Nov 21 (Reuters) - A jury in Dallas, Texas federal court has decided that India-based Tata Consultancy Services (TCS.NS) must pay DXC Technology (DXC.N) $210 million, finding it stole DXC's trade secrets to develop competing life-insurance software.
The jury said in a verdict made public on Sunday that the Tata Group subsidiary misused confidential information about DXC's Vantage-One and CyberLife software for managing life insurance and annuity policies to create its own platform.
Tata said in a statement on Tuesday that it "respectfully disagrees with the jury's advisory verdict" and plans to "continue to litigate this ongoing case."
DXC said in a statement that it was pleased with the verdict, which was "consistent with the overwhelming evidence presented at trial."
DXC predecessor Computer Sciences Corp said in the 2019 lawsuit that it licensed its software to Transamerica subsidiary Money Services Inc. The lawsuit said that Tata hired 2,200 Transamerica employees in 2018 and used their access to CSC's software and knowledge of its source code and other proprietary information to build a competing life-insurance platform.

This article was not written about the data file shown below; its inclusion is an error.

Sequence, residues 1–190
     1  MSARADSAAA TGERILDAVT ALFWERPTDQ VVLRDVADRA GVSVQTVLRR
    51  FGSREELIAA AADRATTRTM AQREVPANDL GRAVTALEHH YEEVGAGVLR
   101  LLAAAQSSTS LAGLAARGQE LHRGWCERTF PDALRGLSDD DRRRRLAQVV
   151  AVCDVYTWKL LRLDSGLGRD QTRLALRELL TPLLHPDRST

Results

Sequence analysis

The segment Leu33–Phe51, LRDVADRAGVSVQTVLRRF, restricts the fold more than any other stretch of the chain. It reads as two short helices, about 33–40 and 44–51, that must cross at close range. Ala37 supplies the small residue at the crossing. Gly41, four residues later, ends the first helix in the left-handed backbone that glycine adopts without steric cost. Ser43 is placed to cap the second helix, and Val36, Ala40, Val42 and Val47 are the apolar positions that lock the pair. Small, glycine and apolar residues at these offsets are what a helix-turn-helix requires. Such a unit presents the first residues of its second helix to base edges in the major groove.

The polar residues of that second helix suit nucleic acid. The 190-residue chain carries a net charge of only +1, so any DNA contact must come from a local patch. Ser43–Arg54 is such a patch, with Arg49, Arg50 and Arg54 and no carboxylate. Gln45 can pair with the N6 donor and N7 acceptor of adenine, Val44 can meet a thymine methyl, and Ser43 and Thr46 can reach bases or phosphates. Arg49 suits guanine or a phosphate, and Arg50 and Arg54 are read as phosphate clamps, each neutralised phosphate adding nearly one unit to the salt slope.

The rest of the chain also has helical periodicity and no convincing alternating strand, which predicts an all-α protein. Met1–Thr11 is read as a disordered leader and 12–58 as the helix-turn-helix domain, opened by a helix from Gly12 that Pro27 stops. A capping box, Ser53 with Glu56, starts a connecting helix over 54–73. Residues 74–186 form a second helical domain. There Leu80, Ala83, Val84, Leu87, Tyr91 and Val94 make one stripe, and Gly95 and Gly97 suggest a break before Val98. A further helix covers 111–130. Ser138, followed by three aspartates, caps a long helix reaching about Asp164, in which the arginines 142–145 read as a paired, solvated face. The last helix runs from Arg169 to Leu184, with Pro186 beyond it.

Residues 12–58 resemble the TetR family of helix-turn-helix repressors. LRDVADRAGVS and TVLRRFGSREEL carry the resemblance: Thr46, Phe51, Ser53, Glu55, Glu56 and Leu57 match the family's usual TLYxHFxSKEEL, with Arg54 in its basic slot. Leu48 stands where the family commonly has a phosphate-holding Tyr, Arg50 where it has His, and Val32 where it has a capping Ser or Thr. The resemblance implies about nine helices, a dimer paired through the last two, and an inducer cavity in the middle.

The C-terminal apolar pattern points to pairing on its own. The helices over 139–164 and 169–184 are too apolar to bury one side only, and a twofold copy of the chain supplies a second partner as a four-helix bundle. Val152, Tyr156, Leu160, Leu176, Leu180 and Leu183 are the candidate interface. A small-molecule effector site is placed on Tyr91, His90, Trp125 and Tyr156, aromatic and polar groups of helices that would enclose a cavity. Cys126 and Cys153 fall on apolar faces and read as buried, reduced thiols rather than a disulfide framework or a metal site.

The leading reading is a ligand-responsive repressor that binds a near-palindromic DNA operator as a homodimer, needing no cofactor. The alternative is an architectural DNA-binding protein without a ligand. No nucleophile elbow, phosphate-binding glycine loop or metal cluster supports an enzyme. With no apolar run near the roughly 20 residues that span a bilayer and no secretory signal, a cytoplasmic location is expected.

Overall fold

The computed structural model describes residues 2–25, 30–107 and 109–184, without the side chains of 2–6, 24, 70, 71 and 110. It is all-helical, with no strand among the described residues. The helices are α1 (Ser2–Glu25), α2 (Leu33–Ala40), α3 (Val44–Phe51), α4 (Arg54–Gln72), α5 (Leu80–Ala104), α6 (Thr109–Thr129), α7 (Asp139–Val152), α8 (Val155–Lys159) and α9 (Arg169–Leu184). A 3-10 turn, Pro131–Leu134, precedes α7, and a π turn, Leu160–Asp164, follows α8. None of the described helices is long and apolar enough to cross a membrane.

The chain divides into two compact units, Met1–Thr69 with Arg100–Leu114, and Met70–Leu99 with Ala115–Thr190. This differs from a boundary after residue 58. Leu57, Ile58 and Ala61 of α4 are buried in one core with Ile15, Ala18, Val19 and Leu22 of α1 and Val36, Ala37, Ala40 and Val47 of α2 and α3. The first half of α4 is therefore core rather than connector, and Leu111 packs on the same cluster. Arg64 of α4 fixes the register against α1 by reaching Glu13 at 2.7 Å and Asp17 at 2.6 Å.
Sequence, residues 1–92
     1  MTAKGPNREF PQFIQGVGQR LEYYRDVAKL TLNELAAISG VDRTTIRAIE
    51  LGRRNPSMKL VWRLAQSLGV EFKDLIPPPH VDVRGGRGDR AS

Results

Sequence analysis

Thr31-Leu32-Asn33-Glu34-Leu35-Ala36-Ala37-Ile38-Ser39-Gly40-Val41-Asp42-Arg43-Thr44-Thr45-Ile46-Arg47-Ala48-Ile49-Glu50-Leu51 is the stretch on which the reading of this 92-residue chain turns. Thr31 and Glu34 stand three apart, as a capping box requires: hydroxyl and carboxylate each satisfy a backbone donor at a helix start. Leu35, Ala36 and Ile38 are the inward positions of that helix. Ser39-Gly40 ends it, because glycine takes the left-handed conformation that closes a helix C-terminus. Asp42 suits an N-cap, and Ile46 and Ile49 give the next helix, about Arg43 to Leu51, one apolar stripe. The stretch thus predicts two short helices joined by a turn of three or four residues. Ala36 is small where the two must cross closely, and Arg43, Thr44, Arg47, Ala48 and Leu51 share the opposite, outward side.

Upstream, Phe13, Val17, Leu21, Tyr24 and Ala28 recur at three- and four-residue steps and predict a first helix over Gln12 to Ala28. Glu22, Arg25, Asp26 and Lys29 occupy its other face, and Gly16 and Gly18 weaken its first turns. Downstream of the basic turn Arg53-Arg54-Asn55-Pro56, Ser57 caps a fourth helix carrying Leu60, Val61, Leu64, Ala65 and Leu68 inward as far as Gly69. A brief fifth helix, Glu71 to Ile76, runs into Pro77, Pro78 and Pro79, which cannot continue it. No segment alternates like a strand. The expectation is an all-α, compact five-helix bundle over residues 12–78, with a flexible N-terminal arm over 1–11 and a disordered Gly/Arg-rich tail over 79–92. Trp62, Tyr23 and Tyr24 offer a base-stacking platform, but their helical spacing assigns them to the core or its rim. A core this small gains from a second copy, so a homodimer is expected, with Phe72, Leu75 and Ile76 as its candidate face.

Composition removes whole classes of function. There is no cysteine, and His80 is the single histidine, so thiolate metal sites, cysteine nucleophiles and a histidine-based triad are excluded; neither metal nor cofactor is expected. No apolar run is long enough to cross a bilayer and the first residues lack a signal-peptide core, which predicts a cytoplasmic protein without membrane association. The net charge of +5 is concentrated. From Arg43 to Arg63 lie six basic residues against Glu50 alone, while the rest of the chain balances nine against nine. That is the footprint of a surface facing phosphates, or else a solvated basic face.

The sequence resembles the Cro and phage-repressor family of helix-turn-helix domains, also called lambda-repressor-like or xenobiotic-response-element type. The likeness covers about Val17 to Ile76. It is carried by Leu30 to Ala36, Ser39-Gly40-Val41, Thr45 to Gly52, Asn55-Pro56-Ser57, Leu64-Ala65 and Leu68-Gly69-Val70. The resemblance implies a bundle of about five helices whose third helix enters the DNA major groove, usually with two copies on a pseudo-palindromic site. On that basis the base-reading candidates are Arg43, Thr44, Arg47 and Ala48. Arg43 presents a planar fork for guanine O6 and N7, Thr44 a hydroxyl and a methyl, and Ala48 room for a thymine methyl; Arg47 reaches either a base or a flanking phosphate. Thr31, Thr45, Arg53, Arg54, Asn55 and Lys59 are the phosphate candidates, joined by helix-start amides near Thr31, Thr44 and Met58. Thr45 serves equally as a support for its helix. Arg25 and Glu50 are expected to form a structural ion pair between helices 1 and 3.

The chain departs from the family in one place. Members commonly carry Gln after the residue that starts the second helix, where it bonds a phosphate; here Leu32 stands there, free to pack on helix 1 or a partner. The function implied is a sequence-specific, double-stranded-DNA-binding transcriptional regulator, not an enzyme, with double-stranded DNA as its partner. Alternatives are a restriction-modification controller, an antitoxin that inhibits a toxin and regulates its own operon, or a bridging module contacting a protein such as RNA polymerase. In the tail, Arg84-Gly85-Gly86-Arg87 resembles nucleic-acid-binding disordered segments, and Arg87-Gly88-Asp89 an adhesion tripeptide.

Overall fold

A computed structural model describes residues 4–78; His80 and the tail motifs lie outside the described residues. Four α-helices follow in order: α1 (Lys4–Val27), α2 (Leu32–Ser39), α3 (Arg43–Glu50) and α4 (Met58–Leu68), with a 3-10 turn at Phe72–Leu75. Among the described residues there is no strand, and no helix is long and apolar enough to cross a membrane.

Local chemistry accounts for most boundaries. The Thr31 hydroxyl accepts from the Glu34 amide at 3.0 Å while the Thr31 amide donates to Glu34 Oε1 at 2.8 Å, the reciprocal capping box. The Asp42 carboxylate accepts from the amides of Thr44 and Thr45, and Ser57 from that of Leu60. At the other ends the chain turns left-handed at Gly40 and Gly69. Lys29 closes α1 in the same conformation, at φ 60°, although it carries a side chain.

Tata denied the allegations, told the court that the information at issue was not secret and argued that it accessed the software legally.
The jury said on Friday that Tata owed DXC $70 million for misappropriating its trade secrets and an additional $140 million because its misuse was "willful and malicious."
The U.S. Supreme Court on Monday rejected Tata's appeal in a separate case where it was found to owe $280 million for misusing trade secrets from software maker Epic Systems to develop competing healthcare software.
DXC said in its lawsuit that Tata had "learned nothing from the outcome of the Epic litigation."
The case is Computer Sciences Corp v. Tata Consultancy Services, U.S. District Court for the Northern District of Texas, No. 3:19-cv-00970.